November 11, 2009

Mmm Mmm Murray Circle

I have to admit, it felt pretty silly to travel less than 15 minutes for a one night staycation at Cavallo Point but the experience went beyond any expectations I had. First of all, the property (set in old Fort Baker buildings) does an extraordinary job of fitting in with its natural surroundings – gorgeous fields of long, sweeping grass; seats strewn about the property to sit and admire a sunrise or sunset; fire pits for late night chatting with fellow guests; and simple architectural designs so as not to distract from the natural beauty of the surrounding hills, wildflowers, and Golden Gate.

But on to the good stuff…Murray Circle is the restaurant at Cavallo Point, open to guests as well as the public. I’ve read about it in SFgate, 7X7 and Tablehopper and have been waiting to make a trek over the bridge to check it out. I wrote to Murray Circle about two weeks prior to our reservation with a complete lists of dietary restrictions and more importantly dietary recommendations. When we arrived, the hostess confirmed that the chef had received the list and our waitress also promptly displayed an actual printout of the email I had sent. To say the least, I was impressed.

As for the menu: Diners can choose to order separate plates from the menu (separated into three categories: vegetables and fruits; fish and shellfish; and meat and poultry) or to order a chef’s tasting (at an incredibly reasonable $65). My man friend and I asked if it would be possible for both of us to order a chef’s tasting – his being the normal fixed-menu items and mine a slightly altered version. This is where things get really good.  Not only did the chef say he could make a custom tasting menu for me, but that I could pick anything from the entire menu. The world was my oyster, and yes, I could have some of those too.

This amount of dining freedom never happens. My choices are usually limited and to have everything on the menu at my fingertips was something that I had not experienced in the past five years. All three courses were beautiful, delicious, and sodium girl safe. For a fairly new, one-star Michelin restaurant, Murray Circle lives up to all the accolades.  Prices are San Francisco affordable (avg $20 per plate), the service was friendly, and the overall feeling was casual and warm.

Also of note, our sommelier, Sabrina (yes, there are three and a huge wine list of ranging prices) was a gem. After chatting with her about her own history in the Bay Area and her favorite wines, we were treated to a glass of a no longer in production Ladera Vineyard Merlot. I have never tasted a red like this before and meeting someone like Sabrina makes dining out an unforgettable experience. Being friendly and inquisitive always leads to good things…like a memorable meal, an unforgettable glass of wine, and maybe a new friend too.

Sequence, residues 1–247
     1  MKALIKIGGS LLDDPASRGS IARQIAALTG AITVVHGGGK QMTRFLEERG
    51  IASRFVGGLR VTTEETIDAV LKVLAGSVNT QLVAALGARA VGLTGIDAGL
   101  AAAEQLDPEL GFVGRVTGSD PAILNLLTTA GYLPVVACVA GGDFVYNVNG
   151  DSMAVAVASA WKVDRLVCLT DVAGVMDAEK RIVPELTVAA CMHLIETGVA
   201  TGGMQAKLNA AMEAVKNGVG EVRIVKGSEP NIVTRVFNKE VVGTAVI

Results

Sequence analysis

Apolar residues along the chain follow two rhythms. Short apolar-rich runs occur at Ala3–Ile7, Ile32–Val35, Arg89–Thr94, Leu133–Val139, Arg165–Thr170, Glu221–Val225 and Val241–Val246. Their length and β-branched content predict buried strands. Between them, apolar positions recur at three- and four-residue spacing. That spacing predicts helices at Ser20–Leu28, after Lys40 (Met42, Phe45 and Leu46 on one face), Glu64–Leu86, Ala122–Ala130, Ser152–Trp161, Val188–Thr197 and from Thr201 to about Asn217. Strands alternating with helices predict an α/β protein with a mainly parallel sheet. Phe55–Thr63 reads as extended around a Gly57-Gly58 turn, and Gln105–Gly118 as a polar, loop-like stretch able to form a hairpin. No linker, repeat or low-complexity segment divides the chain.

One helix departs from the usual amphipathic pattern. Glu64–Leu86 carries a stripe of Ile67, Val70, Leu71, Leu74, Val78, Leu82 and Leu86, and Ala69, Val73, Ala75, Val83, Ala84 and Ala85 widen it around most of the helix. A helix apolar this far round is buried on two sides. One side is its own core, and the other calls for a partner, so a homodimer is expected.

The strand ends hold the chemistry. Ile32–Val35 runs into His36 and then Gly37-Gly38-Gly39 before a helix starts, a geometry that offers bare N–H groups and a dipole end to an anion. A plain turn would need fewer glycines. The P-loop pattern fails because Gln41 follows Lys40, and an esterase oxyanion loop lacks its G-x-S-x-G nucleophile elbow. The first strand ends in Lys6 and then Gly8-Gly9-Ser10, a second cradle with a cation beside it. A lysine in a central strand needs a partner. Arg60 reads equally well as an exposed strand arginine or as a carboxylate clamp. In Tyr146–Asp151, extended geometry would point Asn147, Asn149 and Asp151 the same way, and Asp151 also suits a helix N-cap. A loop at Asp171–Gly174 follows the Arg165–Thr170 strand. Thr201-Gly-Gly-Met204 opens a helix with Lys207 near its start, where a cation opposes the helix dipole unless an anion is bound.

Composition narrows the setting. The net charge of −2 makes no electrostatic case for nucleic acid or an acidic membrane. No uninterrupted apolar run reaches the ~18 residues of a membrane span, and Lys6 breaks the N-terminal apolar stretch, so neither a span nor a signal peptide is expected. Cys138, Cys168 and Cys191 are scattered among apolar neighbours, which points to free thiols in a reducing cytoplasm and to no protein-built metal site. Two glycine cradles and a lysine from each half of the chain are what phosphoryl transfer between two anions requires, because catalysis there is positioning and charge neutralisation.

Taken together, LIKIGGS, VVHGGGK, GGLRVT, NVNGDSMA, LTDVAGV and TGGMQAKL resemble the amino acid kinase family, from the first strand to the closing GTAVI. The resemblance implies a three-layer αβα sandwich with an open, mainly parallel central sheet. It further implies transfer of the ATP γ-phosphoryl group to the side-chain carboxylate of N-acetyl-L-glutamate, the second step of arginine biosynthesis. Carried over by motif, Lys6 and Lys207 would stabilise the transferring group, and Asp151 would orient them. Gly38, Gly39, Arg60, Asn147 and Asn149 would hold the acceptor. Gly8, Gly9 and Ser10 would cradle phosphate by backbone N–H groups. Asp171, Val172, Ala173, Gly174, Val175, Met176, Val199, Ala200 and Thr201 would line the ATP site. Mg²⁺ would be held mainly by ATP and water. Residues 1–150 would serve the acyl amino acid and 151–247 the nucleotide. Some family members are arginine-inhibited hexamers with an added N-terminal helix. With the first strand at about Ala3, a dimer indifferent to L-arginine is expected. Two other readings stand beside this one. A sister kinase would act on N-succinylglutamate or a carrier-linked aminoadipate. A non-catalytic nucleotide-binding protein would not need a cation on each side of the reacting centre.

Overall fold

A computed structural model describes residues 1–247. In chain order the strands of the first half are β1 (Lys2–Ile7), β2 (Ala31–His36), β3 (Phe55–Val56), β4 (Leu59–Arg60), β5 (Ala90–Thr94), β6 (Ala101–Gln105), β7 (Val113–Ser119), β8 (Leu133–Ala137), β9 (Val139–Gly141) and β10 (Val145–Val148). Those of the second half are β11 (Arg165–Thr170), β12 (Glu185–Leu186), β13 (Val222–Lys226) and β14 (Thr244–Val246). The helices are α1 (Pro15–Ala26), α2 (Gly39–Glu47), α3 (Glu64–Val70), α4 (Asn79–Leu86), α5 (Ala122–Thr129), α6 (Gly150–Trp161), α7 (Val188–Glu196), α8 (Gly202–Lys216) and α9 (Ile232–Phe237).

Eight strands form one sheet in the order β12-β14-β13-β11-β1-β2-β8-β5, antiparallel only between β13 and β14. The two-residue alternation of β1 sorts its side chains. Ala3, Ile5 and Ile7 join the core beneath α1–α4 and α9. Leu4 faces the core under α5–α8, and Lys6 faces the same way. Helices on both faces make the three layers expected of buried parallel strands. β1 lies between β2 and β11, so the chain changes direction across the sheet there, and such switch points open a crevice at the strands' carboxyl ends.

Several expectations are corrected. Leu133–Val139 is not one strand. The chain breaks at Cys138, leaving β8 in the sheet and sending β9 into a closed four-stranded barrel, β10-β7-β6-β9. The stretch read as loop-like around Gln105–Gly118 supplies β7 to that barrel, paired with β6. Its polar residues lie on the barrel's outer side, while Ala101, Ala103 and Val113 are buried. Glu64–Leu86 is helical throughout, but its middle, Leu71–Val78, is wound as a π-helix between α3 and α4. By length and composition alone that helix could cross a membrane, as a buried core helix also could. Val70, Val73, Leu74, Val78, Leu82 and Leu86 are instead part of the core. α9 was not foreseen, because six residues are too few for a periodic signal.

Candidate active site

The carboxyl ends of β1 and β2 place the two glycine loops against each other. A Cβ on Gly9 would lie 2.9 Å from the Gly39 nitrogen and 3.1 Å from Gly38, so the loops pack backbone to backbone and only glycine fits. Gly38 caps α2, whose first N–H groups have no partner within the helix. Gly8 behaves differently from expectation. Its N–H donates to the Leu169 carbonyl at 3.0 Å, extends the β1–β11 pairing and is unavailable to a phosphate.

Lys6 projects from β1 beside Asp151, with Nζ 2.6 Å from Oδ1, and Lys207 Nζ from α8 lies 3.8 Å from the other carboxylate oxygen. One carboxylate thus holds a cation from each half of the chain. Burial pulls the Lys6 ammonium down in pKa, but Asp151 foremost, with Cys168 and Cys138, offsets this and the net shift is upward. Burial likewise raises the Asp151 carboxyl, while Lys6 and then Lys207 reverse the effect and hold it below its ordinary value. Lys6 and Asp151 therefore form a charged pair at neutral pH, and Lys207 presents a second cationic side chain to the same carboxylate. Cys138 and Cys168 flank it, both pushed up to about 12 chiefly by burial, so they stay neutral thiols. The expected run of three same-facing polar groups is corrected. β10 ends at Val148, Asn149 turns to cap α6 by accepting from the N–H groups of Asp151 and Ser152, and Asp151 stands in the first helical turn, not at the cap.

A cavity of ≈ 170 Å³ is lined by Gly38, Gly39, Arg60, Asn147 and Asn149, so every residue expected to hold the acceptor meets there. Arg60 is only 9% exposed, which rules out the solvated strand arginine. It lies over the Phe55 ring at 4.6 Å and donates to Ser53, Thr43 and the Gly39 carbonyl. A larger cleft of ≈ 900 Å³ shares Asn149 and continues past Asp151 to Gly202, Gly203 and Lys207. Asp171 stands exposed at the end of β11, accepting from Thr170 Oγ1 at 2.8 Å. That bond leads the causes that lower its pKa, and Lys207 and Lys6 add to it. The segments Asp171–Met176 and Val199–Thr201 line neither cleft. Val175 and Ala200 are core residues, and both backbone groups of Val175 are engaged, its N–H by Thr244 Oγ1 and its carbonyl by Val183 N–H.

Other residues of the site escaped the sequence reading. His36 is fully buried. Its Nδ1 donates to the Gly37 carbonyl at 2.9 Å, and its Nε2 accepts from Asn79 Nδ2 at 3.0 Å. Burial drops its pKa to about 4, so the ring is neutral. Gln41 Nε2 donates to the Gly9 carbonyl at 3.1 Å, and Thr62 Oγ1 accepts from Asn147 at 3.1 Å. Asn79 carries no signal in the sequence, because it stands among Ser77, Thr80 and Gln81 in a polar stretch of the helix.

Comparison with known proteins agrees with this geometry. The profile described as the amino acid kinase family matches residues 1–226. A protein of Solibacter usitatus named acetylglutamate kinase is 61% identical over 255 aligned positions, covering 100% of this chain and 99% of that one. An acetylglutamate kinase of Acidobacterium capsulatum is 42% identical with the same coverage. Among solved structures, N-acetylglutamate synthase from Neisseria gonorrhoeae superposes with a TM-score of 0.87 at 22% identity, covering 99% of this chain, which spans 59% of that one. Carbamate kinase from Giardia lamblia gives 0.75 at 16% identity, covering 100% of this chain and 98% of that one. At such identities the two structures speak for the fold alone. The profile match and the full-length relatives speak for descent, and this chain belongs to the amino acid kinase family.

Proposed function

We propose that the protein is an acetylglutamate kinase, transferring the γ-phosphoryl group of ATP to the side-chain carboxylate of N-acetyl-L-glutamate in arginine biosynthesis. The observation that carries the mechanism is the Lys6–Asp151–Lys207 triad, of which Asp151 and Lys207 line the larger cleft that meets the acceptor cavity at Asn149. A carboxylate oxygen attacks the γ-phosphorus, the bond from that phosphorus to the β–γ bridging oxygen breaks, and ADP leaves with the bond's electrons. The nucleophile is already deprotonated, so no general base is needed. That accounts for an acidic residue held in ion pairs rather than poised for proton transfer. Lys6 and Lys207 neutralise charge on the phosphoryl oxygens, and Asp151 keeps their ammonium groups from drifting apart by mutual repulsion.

So get on your bike or in your car and make your way over to Cavallo Point and Murray Circle for breakfast, lunch, dinner, or just some wine on the porch. And for those of you with restrictions, let your mouth drool and heart melt over this menu:

Course 1: Young lettuces salad with winter fruits, thinly sliced vegetables (beautiful rose colored turnips) and a home-made champagne vinaigrette.  I tasted citrus and star anise as well as freshly chopped herbs.  It was crisp and light with a perfectly silky dressing. Clean plate number one.

Course 2: Wild halibut with purple cauliflower, peas, and carrot shavings. The fish was cooked perfectly.  It had a melt-in-your mouth creamy texture and the plate was very colorful. No outrageous burst of flavor here, but it was simple and well prepared. Clean plate number two.

Course 3: The true knock-out. Side by side cuts of slow roasted duck breast with crispy, golden skin. Flanked by more of the purple cauliflower, pea, and carrot combo and in the middle, a surprise treat of caramelized turnips. Vegetables prepared right taste like candy. The molasses flavor of the turnips brought out the natural sweetness of the duck. It was hard to share this dish, but I had to let my companion experience the ingenuity.  Just a little bit of creativity goes a long way in sodium free cooking. Clean plate number three.

Course 4: No room for dessert, but had an endless pot of french press coffee and too much wine (half a bottle of Crocker and Starr). Will have to come back for a smaller tasting and some sweet treats.

Breakfast: Yes, Murray Circle does it all. I ordered the farm fresh egg omelet with mushrooms and spinach. Reading this on paper doesn’t exactly sound exciting. But when I received the fluffy, sunshine yellow omelet and split it open, to my surprise I found some beautiful chanterelle mushrooms. My breakfast was another example of how good ingredients need very little flavor to be delicious. The farm fresh eggs had their own nutty essence, the chanterelles were meaty, and even the spinach had an herbal bitterness for balance. A little olive oil and pepper and voila, a delicious breakfast. Thank you to Murray Circle for such incredible service and the willingness to make so many sodium free delicacies.

And a quick update: I have now dined here three times, every experience being equally impressive .  The food has proved more flavorful and inventive with each visit.  During my last trip, my dining partner and I ordered the same dish, which was accompanied by an uni (sea urchin) reduction sauce. Of course, I thought my sodium free version would be uni-less. But surprise! Not only did my plate look as equally gorgeous as the regular version sitting across the table, but I was served my very own sodium free, freshly prepared uni reduction. That is incredible service and proof that extraordinary, complex food can be sodium free.

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